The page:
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regexp match string with word1 and not word2

P: n/a
Hello,
i have again problem with regexp :-P
I need to match all lines that contain one word but not contain
another.
Like to do "grep one | grep -v two:"
The syntax of the string is:
(any printable char)two:(any printable char)one(any printable char)
Example:
Apr 30 00:00:09 v890neg0 two: [ID 702911 daemon.one] findings:
blablabla

I tried with:
..*[^t][^w][^o].*one.*
but is not working, the string is always match and in other tries
using "less logic" i get always some different match :-(

P.S: i can't have more re.search, so i just need ONE regexp

Apr 30 '07 #1
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11 Replies


P: n/a
Flyzone wrote:
Hello,
i have again problem with regexp :-P
I need to match all lines that contain one word but not contain
another.
Like to do "grep one | grep -v two:"
The syntax of the string is:
(any printable char)two:(any printable char)one(any printable char)
Example:
Apr 30 00:00:09 v890neg0 two: [ID 702911 daemon.one] findings:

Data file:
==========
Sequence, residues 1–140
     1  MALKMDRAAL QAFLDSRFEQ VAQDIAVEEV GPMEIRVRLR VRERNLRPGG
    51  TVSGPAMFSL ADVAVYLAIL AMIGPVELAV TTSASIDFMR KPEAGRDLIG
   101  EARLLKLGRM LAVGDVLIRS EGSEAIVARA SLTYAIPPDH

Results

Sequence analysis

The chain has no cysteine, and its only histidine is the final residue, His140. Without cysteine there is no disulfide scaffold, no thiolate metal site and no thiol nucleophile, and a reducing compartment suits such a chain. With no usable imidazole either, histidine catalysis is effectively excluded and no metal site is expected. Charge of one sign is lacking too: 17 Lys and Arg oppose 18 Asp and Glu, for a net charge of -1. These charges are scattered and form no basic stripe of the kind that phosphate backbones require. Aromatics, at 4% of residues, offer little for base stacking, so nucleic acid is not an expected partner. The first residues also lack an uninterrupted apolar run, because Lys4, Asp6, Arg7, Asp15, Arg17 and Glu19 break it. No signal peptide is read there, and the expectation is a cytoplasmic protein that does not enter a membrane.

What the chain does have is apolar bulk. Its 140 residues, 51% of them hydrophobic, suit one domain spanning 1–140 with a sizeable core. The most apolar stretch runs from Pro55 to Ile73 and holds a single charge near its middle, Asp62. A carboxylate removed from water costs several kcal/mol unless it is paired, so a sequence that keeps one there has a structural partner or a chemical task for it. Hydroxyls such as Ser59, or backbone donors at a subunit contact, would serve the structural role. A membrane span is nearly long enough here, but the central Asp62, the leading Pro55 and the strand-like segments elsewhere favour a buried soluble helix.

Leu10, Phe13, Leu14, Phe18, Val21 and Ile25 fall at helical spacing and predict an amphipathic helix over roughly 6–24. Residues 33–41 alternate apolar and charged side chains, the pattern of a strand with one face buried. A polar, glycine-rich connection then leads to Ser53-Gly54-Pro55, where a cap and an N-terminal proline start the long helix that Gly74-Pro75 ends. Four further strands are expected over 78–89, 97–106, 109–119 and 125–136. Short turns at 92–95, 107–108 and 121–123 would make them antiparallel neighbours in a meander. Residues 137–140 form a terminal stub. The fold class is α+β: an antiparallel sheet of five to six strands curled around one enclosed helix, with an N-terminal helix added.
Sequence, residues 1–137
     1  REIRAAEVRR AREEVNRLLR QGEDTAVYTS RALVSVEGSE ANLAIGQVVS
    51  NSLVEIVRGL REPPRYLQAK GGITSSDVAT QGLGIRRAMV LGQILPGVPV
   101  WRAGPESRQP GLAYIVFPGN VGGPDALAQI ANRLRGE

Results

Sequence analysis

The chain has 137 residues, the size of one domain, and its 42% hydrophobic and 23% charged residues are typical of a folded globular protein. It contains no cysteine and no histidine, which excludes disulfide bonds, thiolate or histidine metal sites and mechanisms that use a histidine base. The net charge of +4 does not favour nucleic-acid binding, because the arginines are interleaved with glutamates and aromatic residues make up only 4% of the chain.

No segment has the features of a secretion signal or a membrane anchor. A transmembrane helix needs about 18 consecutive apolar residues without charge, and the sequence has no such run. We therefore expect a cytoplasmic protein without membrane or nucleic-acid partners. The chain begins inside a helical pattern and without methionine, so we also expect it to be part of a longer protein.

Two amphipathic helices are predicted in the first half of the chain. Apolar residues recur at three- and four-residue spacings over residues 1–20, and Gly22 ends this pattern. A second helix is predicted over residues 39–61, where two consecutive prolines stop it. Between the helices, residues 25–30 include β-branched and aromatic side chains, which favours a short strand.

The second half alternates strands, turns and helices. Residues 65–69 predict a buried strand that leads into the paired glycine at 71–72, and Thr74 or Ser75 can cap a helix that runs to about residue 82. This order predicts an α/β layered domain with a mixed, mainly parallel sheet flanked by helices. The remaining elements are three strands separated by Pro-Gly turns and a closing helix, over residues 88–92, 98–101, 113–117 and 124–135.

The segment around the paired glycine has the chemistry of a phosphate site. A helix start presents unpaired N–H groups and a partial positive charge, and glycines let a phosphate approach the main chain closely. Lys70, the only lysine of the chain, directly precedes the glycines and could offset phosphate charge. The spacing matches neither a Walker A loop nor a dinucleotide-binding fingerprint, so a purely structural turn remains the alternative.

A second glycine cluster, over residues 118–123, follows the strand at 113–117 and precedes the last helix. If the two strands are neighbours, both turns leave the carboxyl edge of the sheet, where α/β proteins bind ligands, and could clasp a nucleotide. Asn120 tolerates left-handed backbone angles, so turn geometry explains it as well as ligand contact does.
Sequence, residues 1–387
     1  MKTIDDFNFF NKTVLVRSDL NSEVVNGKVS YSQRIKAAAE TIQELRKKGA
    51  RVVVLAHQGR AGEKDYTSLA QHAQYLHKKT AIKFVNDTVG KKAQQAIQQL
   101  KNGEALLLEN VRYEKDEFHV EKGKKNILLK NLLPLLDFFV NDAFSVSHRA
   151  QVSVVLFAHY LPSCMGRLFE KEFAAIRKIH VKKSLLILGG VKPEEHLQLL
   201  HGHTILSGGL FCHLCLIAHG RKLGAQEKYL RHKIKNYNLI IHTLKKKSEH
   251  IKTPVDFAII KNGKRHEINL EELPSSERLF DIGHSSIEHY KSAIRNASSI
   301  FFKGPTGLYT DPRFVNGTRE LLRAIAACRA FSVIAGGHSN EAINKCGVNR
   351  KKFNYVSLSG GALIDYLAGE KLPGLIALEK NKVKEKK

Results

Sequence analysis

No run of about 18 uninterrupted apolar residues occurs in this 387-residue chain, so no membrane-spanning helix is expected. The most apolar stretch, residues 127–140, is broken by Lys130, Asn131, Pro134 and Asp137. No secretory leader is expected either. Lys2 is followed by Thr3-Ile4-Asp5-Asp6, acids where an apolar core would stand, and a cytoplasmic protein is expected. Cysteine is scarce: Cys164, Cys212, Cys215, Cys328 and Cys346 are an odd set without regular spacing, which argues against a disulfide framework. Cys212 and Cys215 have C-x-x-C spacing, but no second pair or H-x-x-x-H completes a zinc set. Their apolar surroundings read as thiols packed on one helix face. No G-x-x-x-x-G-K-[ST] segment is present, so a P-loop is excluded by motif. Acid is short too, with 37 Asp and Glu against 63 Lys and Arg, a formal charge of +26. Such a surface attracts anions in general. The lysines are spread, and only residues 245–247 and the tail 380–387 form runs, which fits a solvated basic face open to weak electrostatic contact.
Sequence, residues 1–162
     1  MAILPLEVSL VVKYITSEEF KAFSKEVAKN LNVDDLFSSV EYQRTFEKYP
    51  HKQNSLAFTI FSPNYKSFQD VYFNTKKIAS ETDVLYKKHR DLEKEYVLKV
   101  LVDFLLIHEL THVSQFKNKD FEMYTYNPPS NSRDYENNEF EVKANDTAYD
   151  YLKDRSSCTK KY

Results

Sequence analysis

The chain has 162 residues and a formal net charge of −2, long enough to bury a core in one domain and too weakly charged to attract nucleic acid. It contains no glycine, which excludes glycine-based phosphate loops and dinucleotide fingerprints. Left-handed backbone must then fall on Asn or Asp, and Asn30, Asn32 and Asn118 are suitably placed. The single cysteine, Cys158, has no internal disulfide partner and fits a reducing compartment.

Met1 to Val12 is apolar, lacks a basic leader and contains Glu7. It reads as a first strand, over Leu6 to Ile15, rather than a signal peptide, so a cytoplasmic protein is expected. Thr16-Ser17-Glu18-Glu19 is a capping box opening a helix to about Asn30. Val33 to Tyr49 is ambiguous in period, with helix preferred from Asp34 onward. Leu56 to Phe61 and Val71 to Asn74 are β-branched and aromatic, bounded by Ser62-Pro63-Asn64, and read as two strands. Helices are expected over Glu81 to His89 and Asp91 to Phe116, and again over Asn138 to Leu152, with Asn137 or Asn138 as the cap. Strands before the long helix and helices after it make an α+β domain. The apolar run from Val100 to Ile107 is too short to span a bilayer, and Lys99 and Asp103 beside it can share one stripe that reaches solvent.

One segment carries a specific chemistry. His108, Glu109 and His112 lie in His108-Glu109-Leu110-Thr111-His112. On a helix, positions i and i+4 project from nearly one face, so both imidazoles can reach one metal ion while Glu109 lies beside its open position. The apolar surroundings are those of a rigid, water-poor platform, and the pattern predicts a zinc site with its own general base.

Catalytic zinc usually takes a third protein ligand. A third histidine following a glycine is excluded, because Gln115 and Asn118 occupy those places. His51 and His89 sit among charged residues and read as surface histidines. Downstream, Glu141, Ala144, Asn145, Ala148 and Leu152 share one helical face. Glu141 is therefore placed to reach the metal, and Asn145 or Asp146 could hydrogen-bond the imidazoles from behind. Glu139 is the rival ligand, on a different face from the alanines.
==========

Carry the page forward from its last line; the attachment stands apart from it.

blablabla

I tried with:
.*[^t][^w][^o].*one.*
but is not working, the string is always match and in other tries
using "less logic" i get always some different match :-(

P.S: i can't have more re.search, so i just need ONE regexp
The P.S: suggests homework, but this can't be homework because python
regex won't do this, so your teacher gets an F if its homework. You
require a negative look-behind assertion of variable length--not
possible in python regex. You will have to use something else--or maybe
you don't understand the homework problem.

James
Apr 30 '07 #2

P: n/a
Flyzone wrote:
P.S: i can't have more re.search, so [clip]

This reminds me of a quote by the Great Researcher Roy Garcia:
If it worked the first time, they'd just call it "search".
James
Apr 30 '07 #3

P: n/a
Flyzone wrote:
Hello,
i have again problem with regexp :-P
I need to match all lines that contain one word but not contain
another.
Like to do "grep one | grep -v two:"
You don't need a regexp:;

if 'one' in line and 'two:' not in line:
... do something...

STeVe
Apr 30 '07 #4

P: n/a
James Stroud ha scritto:
The P.S: suggests homework, but this can't be homework because python
regex won't do this, so your teacher gets an F if its homework. You